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Direct inhibition of the NOTCH transcription factor complex

An Erratum to this article was published on 21 January 2010

Abstract

Direct inhibition of transcription factor complexes remains a central challenge in the discipline of ligand discovery. In general, these proteins lack surface involutions suitable for high-affinity binding by small molecules. Here we report the design of synthetic, cell-permeable, stabilized α-helical peptides that target a critical protein–protein interface in the NOTCH transactivation complex. We demonstrate that direct, high-affinity binding of the hydrocarbon-stapled peptide SAHM1 prevents assembly of the active transcriptional complex. Inappropriate NOTCH activation is directly implicated in the pathogenesis of several disease states, including T-cell acute lymphoblastic leukaemia (T-ALL). The treatment of leukaemic cells with SAHM1 results in genome-wide suppression of NOTCH-activated genes. Direct antagonism of the NOTCH transcriptional program causes potent, NOTCH-specific anti-proliferative effects in cultured cells and in a mouse model of NOTCH1-driven T-ALL.

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Figure 1: Design of MAML1-derived stapled peptides targeting NOTCH1–CSL.
Figure 2: SAHM1 specifically engages the NOTCH1 transactivation complex.
Figure 3: SAHM1 represses NOTCH1 target gene expression.
Figure 4: SAHM1 reduces T-ALL proliferation and leukaemic initiation potential.
Figure 5: SAHM1 treatment inhibits NOTCH signalling and leukaemic progression in vivo.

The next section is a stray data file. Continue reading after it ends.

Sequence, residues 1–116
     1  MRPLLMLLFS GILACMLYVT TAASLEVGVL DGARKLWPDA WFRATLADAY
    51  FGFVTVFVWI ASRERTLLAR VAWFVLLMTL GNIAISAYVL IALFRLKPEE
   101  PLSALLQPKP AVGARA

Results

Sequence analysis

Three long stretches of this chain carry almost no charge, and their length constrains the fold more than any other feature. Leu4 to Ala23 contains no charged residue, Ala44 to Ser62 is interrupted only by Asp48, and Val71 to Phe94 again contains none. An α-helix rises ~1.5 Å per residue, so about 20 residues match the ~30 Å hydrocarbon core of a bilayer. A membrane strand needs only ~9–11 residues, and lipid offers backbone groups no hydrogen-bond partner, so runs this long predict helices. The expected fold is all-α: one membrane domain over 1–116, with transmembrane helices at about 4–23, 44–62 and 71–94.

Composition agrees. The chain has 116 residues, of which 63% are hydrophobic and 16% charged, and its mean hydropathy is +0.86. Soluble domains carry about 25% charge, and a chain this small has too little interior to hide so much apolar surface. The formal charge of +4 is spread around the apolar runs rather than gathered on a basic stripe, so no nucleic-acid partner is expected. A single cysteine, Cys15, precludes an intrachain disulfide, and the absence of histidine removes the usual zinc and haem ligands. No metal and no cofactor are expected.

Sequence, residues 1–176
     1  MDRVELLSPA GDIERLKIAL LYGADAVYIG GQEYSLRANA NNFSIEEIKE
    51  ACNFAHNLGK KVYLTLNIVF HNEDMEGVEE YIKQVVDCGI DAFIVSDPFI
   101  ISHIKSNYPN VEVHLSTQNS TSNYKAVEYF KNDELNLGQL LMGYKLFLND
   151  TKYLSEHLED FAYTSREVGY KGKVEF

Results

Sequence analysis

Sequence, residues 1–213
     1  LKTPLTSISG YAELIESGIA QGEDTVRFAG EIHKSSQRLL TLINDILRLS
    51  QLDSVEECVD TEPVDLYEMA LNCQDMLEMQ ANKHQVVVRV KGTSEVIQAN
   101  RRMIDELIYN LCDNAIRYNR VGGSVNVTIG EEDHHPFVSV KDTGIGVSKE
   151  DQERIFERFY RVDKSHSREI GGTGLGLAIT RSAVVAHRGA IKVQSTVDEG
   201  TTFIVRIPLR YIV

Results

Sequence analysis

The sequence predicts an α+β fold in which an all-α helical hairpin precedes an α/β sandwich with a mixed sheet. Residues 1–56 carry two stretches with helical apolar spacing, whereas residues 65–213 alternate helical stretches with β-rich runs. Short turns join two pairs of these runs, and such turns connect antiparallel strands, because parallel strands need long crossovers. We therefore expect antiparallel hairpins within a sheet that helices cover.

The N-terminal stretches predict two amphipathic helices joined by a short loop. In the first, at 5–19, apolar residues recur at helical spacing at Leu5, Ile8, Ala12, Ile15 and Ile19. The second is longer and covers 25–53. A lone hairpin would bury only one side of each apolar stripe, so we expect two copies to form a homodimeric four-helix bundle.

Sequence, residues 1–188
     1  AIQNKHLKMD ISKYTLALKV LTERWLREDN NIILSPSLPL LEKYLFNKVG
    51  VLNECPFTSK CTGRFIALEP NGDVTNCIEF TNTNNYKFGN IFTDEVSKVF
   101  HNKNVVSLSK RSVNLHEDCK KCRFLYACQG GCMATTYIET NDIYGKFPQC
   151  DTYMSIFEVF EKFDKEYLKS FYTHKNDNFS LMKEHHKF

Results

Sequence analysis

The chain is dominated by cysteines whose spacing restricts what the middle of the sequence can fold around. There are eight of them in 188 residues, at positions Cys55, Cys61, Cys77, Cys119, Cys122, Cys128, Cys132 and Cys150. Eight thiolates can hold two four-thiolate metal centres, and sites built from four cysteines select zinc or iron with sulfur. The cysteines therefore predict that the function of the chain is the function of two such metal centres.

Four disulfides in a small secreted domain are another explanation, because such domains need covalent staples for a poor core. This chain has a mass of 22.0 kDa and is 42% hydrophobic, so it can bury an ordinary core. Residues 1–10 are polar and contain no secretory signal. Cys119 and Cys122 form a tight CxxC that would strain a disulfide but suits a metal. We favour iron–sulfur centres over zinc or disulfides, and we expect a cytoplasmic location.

Accession codes

Primary accessions

Gene Expression Omnibus

Protein Data Bank

Data deposits

All microarray data has been deposited to the Gene Expression Omnibus at the National Center for Biotechnology Information under accession numbers GSE18198 and GSE18351.

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Acknowledgements

We thank S. Schreiber and the Broad Institute Chemical Biology Program for discussions and access to instrumentation; J. Rocnik for assistance in the establishment of the T-ALL murine model; A. Ferrando for providing GSI microarray data; M. Hancock and Invitrogen for providing β-lactamase HeLa reporter clones; K. Ross and A. Subramanian for conversations and guidance about GSEA; and S. Gupta and the Broad Institute Microarray Core. This work was supported by a Specialized Center of Research grant from the Leukaemia & Lymphoma Society (to J.E.B., J.C.A., S.C.B.), an AACR Centennial Pre-doctoral Research Fellowship in Cancer Research (to R.E.M.), the American Society of Hematology (to J.E.B.), MCCB-NIH Training Grant No. 5T32GM007598 (to R.E.M.), the Human Frontier Science Program (to C.D.), and the Harvard & Dana Farber Program in Cancer Chemical Biology (to J.E.B., R.E.M., G.L.V.). The project has been funded in part with Federal funds from the National Cancer Institute’s Initiative for Chemical Genetics, National Institutes of Health, under Contract No. N01-CO-12400. Histology and immunohistochemical staining was performed in the Dana Farber/Harvard Cancer Center Specialized Histopathology Services Core Laboratory.

Author Contributions R.E.M., G.L.V. and J.E.B. conceptualized the study, designed the experiments, interpreted data, and wrote the manuscript. Design, synthesis and biological characterization of SAHM peptides was performed by R.E.M. C.D.B., J.C.A. and S.C.B. contributed key reagents and analysed data. R.E.M., M.C., T.N.D., J.C.A., A.L.K., D.G.G. and J.E.B. established the bioluminescent T-ALL model, designed and performed in vivo experiments and analysed data.

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Correspondence to Gregory L. Verdine or James E. Bradner.

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[COMPETING INTERESTS: G.L.V. is a shareholder in and paid consultant of Aileron Therapeutics, which has been granted a license by Harvard University and the Dana Farber Cancer Institute to develop the stapled peptide technology.]

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Moellering, R., Cornejo, M., Davis, T. et al. Direct inhibition of the NOTCH transcription factor complex. Nature 462, 182–188 (2009). https://doi.org/10.1038/nature08543

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